Maybe a newbie question about foreign keys, but I want to know the answer.
Let's say I have 2 tables:
products -------- product_id (int) name (unique) (varchar) description (text) vendor (varchar) (foreign key: vendors.name)
vendors -------- name (varchar)
I know that I should use a
vendor_id (int), but this is just an example to help me ask my question.
So: if I create vendor: Apple, and product: 1, iPhone 4, Description.., Apple then the varchar "Apple" will be stored both in products and vendors, or just in vendors (because of the foreign key)? Is this a wrong db design?
This is called "normalization" in the database. In your example, there are a couple things to consider:
- In order for
productsto have a foreign key to
vendorsneeds a key. Is
namethe primary key for
vendors? If so, then the foreign key would also be a
varchar. In that case, yes, the value "Apple" would be stored in both. (Note that this isn't a very good idea.)
- If you add a
vendor_idinteger column to the
vendorstable, and it is the primary key for that table, then you can add a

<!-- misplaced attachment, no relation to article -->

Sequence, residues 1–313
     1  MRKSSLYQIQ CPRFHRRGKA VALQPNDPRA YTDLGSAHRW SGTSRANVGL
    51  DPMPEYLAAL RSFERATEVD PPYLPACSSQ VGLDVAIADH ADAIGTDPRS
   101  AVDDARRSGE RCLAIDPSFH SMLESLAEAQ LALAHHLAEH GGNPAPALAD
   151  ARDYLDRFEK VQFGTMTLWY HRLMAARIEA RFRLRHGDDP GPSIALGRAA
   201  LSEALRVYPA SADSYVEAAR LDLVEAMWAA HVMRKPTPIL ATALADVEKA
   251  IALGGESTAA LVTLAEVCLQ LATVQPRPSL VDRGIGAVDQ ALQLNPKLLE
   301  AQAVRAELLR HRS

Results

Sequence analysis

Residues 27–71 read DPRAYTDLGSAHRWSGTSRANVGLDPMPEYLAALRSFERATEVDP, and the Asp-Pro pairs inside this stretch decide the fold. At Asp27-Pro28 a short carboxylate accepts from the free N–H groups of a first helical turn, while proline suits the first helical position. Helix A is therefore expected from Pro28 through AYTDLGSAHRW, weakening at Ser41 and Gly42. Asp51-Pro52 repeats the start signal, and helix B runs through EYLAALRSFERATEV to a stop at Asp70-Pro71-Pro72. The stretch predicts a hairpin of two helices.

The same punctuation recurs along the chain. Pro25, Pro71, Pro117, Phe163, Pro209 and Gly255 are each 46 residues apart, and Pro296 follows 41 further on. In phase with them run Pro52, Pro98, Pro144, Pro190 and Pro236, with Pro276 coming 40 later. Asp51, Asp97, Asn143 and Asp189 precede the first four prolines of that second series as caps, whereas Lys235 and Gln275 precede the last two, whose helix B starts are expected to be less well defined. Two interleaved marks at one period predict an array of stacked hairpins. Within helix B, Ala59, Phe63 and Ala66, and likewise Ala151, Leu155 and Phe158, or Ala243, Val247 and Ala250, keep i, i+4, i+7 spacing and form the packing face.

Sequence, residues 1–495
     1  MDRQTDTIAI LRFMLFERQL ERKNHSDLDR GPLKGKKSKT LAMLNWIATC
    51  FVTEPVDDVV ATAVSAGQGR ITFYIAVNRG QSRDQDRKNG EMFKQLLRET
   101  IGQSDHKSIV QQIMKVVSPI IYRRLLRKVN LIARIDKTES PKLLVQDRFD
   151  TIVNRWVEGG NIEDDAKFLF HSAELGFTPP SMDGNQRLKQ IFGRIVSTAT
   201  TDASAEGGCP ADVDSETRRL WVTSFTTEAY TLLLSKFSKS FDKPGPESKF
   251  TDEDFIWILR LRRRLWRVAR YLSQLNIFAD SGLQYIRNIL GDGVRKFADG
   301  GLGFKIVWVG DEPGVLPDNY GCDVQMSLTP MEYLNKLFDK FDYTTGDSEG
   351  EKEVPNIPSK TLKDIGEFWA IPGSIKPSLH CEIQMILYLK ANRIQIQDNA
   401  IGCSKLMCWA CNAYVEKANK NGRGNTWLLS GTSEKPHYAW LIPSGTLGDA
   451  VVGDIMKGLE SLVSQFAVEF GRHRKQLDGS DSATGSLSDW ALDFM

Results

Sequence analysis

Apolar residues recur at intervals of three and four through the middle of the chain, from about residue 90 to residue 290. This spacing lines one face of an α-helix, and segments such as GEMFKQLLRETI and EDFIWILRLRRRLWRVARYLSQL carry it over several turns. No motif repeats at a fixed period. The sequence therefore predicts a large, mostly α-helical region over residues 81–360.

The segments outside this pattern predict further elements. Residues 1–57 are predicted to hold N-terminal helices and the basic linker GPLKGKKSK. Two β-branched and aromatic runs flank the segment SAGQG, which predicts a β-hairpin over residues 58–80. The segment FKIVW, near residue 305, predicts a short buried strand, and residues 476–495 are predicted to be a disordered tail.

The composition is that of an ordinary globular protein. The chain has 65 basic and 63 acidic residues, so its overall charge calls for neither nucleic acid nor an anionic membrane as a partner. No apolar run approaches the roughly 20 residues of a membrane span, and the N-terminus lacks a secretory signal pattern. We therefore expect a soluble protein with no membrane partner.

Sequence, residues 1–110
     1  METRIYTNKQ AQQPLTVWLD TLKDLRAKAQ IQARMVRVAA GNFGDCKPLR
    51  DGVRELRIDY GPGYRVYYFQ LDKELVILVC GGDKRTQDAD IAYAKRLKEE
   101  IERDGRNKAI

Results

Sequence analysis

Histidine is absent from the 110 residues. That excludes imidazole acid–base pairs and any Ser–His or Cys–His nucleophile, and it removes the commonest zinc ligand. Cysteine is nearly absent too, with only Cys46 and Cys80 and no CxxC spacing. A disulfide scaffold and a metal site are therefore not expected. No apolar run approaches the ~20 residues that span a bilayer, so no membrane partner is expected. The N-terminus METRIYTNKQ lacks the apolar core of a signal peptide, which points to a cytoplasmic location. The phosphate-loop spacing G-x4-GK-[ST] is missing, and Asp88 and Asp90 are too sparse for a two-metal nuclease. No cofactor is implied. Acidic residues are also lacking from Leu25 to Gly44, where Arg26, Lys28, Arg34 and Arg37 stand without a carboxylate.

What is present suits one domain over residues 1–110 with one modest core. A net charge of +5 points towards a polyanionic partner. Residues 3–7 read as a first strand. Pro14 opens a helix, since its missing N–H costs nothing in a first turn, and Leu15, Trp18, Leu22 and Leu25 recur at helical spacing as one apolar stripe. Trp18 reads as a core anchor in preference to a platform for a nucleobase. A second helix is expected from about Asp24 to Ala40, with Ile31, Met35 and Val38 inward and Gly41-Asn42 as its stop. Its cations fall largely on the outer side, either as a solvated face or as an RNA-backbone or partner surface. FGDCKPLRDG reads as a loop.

vendor_id(or any other name) column to the
productstable and make it a foreign key to the
vendorstable. In this case, only that integer would be stored in both tables. This is where the data becomes normalized. A small, simpler data type (integer) links the tables, which contain the actual data which describes the records.
Only that key value is stored in both tables. It's used as a reference to join the tables when selecting data. For example, in order to select a given product and its vendor, you'd do something like this:
SELECT products.name, products.description, vendors.name AS vendor
FROM products INNER JOIN vendors ON products.vendor_id = vendors.vendor_id
WHERE products.product_id = ?id
This would "join" the two tables into a single table (not really, just for the query) and select the record from it.
It will be stored in both. The foreign-key constraint requires that every value in
products.vendor appear somewhere in
(By the way, note that MySQL only enforces foreign-key constraints if the storage engine is InnoDB.)